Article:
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Normal 12-Lead ECG With Rhythm Strips

Thu, 05/12/2016 - 13:03 -- Dawn

Occasionally, we like to feature a normal ECG.  It is important to start with the characteristics of the  normal ECG when learning to recognize “abnormal”.  Of course, there are many variations in ECGs considered to be normal.  Once a student recognizes the features of the normal ECG, it becomes possible to recognize “abnormal” and then learn the clinical ramifications of the abnormalities. 

This strip includes a 12-lead ECG in standard format, as well as three rhythm strips in Leads V1, II, and V5All six channels are run simultaneously, so it is easy to compare one heartbeat in multiple leads. 

NORMAL FEATURES

What are the features of this ECG that make it “normal”?  It is a combination of features the ECG has, and features it does NOT have.  Normal findings include:

 

*  Normal sinus rhythm.  The rhythm is regular, the rate is 80 bpm, and there is a P wave before every QRS complex.  The P waves all look alike in each lead, and they are upright in the inferior leads (II, III, and aVF).

*  The intervals are within normal limits.  The PR interval is about .16 sec. (160 ms), the QRS complexes are narrow, and the QT interval is about 320 ms.

*  The ST segments are not elevated or depressed.  The T waves are upright, except in Leads III and aVR. Negative T waves are normal in these leads.  The shape of the ST segments is concave upward, “smiling”.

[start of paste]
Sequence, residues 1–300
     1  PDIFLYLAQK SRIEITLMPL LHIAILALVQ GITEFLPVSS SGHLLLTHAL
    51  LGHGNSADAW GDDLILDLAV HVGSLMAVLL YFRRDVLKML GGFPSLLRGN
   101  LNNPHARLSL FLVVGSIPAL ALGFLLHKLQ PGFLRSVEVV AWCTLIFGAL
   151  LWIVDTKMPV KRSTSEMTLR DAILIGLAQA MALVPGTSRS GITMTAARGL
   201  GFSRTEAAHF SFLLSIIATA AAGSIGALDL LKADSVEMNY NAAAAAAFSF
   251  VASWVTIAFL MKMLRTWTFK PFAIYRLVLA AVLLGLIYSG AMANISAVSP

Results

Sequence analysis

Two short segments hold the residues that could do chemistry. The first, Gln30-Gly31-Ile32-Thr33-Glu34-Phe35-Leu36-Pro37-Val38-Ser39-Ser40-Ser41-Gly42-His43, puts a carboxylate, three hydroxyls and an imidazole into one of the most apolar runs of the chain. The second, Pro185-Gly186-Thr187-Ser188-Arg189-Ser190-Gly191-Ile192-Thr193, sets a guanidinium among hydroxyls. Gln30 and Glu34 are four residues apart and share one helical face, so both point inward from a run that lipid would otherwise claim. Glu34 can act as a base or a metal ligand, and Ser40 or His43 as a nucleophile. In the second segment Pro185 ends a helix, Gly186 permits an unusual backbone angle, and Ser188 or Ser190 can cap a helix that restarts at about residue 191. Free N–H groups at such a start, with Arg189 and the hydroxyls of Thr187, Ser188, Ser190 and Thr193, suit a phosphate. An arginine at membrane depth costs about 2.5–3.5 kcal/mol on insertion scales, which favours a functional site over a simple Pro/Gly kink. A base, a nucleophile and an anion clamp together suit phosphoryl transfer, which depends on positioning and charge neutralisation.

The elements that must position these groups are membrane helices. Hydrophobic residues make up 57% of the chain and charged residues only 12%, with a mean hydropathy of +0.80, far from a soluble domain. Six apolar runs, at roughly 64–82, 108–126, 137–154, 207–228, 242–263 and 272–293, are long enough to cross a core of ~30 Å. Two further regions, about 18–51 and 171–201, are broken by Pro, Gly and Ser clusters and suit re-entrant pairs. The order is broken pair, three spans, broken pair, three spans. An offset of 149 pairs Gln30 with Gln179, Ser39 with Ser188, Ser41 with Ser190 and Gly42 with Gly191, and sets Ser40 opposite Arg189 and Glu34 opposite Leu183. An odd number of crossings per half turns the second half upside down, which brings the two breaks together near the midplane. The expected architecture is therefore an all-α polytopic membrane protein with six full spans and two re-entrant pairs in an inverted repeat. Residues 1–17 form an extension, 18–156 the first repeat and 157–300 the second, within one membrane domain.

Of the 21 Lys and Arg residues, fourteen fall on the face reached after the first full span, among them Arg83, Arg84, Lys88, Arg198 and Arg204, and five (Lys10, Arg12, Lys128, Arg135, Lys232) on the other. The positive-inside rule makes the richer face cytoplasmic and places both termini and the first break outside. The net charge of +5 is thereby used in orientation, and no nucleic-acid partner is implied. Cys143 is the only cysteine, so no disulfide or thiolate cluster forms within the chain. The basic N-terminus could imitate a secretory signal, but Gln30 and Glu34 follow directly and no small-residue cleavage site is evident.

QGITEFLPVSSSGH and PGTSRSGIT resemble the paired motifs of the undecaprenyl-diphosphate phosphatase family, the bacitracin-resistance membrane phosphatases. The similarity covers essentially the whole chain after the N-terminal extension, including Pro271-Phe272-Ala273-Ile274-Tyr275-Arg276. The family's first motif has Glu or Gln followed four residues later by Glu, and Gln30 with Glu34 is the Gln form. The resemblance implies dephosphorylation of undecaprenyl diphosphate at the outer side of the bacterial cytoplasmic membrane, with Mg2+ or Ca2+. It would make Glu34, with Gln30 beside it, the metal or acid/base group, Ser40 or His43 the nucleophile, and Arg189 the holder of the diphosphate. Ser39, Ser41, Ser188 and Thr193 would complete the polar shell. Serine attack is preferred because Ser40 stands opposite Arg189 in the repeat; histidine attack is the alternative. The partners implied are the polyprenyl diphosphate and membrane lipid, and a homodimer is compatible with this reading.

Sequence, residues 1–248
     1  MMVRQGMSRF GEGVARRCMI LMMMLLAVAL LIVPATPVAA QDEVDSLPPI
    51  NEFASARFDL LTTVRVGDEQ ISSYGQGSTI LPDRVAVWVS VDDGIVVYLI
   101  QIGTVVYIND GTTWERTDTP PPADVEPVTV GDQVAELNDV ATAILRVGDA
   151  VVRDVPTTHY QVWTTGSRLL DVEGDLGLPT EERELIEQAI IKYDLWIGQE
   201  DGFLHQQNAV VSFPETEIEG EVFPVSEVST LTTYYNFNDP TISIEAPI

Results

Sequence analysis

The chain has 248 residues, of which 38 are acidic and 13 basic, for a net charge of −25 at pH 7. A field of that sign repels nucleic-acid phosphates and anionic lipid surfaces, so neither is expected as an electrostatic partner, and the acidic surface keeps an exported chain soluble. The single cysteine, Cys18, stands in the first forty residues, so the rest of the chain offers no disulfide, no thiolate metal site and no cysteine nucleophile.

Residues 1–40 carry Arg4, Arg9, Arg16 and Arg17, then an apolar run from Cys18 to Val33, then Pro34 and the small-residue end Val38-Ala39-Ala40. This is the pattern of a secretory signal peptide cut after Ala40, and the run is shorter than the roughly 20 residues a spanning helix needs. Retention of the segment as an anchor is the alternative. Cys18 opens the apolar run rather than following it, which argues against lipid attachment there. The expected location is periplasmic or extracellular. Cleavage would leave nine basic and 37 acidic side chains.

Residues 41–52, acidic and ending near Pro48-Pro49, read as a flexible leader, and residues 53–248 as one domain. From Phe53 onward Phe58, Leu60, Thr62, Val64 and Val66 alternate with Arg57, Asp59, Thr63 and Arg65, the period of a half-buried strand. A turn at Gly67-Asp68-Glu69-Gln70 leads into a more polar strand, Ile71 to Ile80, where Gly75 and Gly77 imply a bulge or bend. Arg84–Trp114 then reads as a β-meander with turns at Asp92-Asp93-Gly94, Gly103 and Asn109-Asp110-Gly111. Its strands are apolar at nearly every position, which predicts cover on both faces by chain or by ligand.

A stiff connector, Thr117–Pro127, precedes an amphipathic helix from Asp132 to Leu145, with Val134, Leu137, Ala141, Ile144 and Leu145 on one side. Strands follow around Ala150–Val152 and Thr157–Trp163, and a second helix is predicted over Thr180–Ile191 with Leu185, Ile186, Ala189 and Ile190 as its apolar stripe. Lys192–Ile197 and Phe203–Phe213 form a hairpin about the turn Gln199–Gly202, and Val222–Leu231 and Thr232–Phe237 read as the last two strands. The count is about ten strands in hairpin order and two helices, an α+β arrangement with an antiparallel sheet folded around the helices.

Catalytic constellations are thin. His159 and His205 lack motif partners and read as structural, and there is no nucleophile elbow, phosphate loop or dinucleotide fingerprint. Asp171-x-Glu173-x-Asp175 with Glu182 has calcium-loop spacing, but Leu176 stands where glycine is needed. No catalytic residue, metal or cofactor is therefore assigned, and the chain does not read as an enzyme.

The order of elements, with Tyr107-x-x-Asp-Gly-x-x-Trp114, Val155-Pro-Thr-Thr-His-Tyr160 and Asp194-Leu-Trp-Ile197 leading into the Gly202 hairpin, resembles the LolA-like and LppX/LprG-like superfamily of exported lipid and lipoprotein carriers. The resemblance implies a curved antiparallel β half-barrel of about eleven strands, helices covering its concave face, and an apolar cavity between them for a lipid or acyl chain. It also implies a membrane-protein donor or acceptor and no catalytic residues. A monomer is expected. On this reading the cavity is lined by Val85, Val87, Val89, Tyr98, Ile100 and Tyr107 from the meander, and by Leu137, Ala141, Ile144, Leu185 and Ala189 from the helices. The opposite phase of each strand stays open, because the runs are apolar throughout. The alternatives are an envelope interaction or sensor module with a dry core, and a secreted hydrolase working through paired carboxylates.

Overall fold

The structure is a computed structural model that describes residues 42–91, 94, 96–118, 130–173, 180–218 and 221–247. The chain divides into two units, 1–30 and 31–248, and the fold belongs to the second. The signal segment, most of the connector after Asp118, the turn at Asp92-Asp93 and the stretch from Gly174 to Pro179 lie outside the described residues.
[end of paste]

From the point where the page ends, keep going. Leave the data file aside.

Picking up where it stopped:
*  The frontal plane axis is within normal limits.  It is slightly to the left of the center of normal, making Lead I taller than Lead II.  But, when Lead II is positive, the axis is normal.

Normal 12-Lead ECG

Sun, 08/16/2015 - 10:13 -- Dawn

This ECG is nearly completely normal.  We say "nearly" because there are VERY subtle changes which may or may not be chronic.  Unfortunately, we know nothing about this patient's history or circumstances except age, gender, and race, and the fact that she was an Emergency Department patient.  If she presented with chest pain, the ECG might be viewed completely differently than if she presented with a fever.

So, first, let's look at what is within NORMAL range.  Most of these characteristics will be readily seen by your BASIC LEVEL students.  The rate and intervals are within normal ranges.  The rhythm is normal sinus rhythm.  There is good R wave progression in the precordial leads.  That is, V1 is primarily negatively-deflected and V6 is positive, with Leads V2 through V5 gradually becoming more and more positive.  The frontal plane axis is within normal range - Leads I and II are positive.  This would be a suitable ECG to use when introducing beginning students to the 12-lead ECG.